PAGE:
What is it exactly that is happening when our skin sags and wrinkles? The answer may be complex, but most of it boils down to loss of collagen and elastin fibers in the skin. We have known for years that if we cause a “micro-injury” to the skin – just enough to stimulate an exuberant healing reaction – we can end up with that healing reaction creating better skin than we had before it was “injured”.
Microneedling is based on that principle and is producing significant results for mild to moderate wrinkling, laxity, coarseness and acne scars. It is a potent collagen stimulator, can be used anywhere on the body and requires no downtime.
In the office, the face is thoroughly cleansed and a numbing cream is applied for 20 to 30 minutes. The procedure uses a “Micropen” that has tiny needles at its tip. The depth to which the needles go is tailored to each individual and to different parts of the area being treated. The procedure is enhanced by use of a gel containing growth factors that are driven into the skin by the needles. For an even more intense treatment, some people prefer to use platelet-rich plasma (PRP), which is rich in your own growth factors. Most treatments take about 30 minutes and you will look a little rosy for a day.
Over the next three days your skin will be a little flakey, but it’s not bad. Amazingly, the tightening, the improvement in texture and the smoothing of wrinkles and scars will be visible quite rapidly. Some of that is due to imperceptible swelling, but over the next few weeks the improvement becomes obvious. While three to four treatments about four weeks apart are recommended, the result is cumulative and you will see improvement after the first time.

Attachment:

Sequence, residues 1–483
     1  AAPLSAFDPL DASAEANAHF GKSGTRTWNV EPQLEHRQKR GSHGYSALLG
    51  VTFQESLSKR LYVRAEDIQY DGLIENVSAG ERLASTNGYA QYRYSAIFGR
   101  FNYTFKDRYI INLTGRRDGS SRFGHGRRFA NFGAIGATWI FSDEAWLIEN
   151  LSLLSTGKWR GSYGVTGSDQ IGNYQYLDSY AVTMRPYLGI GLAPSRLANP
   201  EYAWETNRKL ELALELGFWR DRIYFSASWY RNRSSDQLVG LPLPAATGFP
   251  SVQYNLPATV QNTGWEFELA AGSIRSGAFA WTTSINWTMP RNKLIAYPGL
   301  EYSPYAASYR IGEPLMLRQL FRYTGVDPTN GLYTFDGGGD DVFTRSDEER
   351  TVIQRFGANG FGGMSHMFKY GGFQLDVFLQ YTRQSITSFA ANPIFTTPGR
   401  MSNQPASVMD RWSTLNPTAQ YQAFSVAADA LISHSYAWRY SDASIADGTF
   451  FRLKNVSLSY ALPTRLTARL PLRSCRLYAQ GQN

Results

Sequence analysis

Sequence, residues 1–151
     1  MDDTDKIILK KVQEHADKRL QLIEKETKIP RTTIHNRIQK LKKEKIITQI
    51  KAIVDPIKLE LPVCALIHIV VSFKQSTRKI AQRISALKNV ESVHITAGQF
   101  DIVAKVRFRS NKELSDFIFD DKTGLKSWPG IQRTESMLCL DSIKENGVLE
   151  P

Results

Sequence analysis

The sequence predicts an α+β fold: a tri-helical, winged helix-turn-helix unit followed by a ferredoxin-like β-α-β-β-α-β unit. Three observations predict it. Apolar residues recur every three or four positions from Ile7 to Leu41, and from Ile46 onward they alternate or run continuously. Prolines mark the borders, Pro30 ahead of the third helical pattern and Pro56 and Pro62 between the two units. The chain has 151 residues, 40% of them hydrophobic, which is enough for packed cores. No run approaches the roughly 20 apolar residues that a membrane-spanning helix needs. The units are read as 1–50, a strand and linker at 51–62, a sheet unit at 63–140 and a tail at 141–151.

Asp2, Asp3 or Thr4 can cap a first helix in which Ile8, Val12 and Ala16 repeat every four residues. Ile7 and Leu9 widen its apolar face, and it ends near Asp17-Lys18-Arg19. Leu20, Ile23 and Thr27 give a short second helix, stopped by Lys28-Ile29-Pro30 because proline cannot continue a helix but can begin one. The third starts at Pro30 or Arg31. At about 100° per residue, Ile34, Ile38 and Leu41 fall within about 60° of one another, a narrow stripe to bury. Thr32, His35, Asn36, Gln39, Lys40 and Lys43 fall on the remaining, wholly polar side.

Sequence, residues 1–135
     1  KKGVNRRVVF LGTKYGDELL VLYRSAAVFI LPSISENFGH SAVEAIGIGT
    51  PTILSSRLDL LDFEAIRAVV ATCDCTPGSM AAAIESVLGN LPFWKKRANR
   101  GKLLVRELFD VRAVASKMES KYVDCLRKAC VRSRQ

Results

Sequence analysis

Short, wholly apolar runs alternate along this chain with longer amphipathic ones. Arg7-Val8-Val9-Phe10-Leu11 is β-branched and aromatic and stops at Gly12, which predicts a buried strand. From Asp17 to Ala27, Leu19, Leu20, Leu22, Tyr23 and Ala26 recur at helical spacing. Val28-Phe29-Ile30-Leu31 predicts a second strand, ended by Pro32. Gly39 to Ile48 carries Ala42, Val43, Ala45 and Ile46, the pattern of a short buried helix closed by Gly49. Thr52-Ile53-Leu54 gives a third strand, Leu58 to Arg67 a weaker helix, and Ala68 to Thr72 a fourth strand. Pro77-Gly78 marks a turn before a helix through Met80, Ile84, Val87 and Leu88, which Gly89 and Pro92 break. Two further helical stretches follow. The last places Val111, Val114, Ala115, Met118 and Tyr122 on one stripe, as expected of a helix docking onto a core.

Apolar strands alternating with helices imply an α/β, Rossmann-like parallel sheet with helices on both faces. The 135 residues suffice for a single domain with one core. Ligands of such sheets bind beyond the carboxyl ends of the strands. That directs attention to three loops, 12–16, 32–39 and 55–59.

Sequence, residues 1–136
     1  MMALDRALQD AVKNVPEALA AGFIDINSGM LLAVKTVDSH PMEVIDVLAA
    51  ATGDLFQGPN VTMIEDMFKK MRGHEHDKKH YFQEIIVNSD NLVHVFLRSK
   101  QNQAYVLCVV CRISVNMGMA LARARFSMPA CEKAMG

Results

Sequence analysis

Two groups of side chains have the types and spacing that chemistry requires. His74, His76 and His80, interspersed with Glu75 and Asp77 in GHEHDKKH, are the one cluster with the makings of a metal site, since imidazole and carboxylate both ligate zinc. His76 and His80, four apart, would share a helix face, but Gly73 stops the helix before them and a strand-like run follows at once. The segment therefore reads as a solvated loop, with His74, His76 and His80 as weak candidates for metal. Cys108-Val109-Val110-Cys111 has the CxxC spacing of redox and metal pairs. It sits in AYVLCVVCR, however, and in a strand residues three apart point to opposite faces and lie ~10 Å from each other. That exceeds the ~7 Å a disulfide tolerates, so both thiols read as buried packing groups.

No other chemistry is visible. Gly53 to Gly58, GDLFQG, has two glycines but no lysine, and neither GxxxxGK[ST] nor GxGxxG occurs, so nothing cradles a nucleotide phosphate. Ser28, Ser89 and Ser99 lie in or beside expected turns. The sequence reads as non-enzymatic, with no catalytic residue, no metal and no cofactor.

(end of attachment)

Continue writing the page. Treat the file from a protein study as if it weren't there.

A. The best way to insert soft contact lenses is to place them without stretching the eyelids. The best way to do this is as follows: Place the contact near the tip of your index finger. Make sure it's not too wet - this will allow it to grab onto your eye and not stick on your fingertip when you're trying to insert it. Get in front of a mirror and brace your third or fourth finger on your cheek without pulling down on your eyelid.
Tuck your chin down while looking up into the mirror so you've exposed as much white at the lower part of your eye as possible. Let the contact touch the lower part of the eye and as soon as it "grabs" look up as high as you can (you won't be able to see yourself at this point) and roll your fingertip up slightly to allow the top of the contact to seal onto your eye. It's really easy once you get the hang of it, and it's not that much different than the way people normally insert CL's.
To remove the contact, place the sides of the pads of your fourth fingers together, place them over your contact, and then pinch the pads together a bit to break the seal of the contact with your eye. This way, you can put them in and take them out day after day and year after year without ending up with a saggy lower lid margin down the road.
A. If your eyes seem smaller since you began wearing contact lenses, it may be that the eyes are a little dry. When the eyes are dry we sometimes squint a bit in an unconscious effort to reduce their exposure to the air. If that's the case, you may want to try a contact lens solution that is moisturizing. Opti-Free Replenish is a great solution (no pun intended) for the drying effects of contact lenses. Other than that, contacts should have no effect on the size of your eyes.